Those of us who waited for Mr Cameron to serve up a tasty dish of red meat policies on reforming the EU will have been wearily unsurprised at the ‘thin gruel’ which finally emerged. Our Prime Minister only last year promised to reduce net immigration to tens of thousands, all the time knowing that he could not deliver because of the EU rules on open borders.
His own party members were visibly taken aback by the meagre offerings and by the fact that none of the four principles could be safeguarded by incorporation into a binding treaty. The PM’s scope for manoeuvring is limited by the already negative responses from the EU hierarchy, and thanks to successive UK governments having irretrievably given up power to the EU, only the smallest reverses can be contemplated.
The alternative to Cameron’s model of governance by limited piecemeal reform, is to do what is right for the UK by getting back the full powers of a national government. This is by far the biggest reward for all derived from leaving the EU. Inside the EU a government can never be responsive to its people, nor ambitious, nor even radical. It will always be constrained by whatever hand-me-down decrees are extruded from the Brussels machine. Politicians entice us now with fine ideals and sweeping promises for the UK future, all the while knowing that the exercise of full powers to deliver does not reside with them.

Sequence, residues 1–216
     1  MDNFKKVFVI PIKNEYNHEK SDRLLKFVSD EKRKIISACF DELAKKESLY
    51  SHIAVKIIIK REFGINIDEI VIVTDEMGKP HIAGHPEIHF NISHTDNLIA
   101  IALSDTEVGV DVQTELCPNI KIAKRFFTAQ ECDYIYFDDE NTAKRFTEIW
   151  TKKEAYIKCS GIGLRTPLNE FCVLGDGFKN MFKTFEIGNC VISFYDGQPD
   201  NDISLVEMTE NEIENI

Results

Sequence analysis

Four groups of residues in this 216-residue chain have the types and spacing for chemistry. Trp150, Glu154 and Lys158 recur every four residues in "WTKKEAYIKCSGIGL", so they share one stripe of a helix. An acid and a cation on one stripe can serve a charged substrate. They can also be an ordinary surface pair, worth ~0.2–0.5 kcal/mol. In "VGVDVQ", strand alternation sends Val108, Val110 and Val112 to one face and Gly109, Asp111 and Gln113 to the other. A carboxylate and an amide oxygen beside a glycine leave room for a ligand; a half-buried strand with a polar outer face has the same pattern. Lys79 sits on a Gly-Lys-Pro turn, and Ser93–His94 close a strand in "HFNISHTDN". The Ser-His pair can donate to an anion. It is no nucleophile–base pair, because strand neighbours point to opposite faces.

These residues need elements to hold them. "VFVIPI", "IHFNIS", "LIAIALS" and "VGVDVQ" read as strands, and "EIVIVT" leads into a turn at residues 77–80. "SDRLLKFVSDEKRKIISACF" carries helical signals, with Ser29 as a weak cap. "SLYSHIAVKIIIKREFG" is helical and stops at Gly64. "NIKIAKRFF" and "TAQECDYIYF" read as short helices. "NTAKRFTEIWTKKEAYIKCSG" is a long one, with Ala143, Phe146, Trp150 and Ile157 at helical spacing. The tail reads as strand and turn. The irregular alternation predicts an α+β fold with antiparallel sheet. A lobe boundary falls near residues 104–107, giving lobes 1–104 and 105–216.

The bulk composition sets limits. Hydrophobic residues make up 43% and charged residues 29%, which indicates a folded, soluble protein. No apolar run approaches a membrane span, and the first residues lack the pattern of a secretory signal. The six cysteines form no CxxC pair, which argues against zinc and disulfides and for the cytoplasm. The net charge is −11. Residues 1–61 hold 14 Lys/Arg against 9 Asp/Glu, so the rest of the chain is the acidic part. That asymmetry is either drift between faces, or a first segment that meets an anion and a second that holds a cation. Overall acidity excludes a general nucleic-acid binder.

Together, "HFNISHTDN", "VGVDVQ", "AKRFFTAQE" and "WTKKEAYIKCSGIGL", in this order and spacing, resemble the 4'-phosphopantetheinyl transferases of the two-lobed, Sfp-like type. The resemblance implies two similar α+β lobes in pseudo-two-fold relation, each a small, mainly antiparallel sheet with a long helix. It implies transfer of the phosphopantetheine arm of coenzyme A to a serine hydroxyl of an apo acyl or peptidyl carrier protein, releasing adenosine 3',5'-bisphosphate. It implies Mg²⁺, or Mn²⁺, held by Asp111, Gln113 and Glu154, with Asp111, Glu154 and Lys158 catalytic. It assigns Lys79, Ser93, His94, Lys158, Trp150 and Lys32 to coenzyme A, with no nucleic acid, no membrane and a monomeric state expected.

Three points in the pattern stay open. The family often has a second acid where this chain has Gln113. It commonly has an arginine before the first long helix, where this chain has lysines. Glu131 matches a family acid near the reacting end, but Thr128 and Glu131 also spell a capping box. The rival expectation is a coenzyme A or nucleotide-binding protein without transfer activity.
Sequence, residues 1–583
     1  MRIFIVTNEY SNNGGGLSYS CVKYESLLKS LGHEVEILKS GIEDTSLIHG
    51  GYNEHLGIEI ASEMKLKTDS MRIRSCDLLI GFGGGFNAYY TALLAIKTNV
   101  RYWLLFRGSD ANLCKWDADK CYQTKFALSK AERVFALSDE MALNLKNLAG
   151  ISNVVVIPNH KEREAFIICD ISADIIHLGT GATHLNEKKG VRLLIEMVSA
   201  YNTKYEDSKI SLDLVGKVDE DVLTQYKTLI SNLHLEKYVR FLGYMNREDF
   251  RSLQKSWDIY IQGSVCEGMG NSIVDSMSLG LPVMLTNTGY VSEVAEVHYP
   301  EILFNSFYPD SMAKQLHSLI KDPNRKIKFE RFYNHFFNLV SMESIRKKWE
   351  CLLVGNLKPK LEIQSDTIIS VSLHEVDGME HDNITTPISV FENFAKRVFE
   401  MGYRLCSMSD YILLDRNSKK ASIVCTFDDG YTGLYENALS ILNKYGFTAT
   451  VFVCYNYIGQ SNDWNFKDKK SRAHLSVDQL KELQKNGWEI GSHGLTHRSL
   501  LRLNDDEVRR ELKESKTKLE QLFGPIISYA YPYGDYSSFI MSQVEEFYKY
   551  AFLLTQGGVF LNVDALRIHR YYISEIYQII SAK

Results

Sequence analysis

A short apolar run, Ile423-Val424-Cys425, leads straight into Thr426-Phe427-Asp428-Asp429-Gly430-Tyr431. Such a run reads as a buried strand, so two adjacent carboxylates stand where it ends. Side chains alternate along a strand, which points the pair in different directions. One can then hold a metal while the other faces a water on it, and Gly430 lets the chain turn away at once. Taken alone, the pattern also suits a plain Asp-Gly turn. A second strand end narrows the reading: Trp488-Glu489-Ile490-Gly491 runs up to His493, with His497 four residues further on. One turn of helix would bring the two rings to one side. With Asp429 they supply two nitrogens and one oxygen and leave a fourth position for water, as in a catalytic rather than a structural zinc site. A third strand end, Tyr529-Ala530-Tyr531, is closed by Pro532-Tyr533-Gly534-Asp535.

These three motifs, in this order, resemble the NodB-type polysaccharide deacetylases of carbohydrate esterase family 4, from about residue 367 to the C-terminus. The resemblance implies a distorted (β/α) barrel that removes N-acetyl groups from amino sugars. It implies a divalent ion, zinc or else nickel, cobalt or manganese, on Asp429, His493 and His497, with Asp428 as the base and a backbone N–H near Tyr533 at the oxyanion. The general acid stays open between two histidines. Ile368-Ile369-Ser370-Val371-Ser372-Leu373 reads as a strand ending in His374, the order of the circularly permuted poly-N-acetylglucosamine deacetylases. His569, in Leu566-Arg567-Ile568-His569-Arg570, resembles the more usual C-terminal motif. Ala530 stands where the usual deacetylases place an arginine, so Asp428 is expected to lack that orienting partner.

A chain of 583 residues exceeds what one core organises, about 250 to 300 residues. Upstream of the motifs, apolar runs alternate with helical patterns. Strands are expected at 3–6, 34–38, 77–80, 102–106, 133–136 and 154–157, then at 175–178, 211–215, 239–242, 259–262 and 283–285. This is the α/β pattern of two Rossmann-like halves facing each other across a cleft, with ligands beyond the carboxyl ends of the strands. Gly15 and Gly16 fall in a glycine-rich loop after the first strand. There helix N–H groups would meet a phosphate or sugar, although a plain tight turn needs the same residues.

Irrespective of where a future political vision for the UK sits on the political spectrum, it can only be realised if the enabling authority belongs solely to the UK, and is neither diluted nor distorted inside a club of twenty-seven other competing viewpoints. All UK parties, even those now with the ‘In’ campaign, could gain immensely from leaving the EU.